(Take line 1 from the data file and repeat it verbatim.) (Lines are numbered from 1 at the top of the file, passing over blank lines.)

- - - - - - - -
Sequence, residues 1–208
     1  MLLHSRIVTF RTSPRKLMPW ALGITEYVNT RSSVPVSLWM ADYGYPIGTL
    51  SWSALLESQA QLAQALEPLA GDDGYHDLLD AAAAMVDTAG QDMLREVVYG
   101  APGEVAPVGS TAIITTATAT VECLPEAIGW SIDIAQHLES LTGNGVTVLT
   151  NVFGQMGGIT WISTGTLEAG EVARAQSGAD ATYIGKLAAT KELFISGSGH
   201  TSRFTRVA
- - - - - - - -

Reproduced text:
Sequence, residues 1–208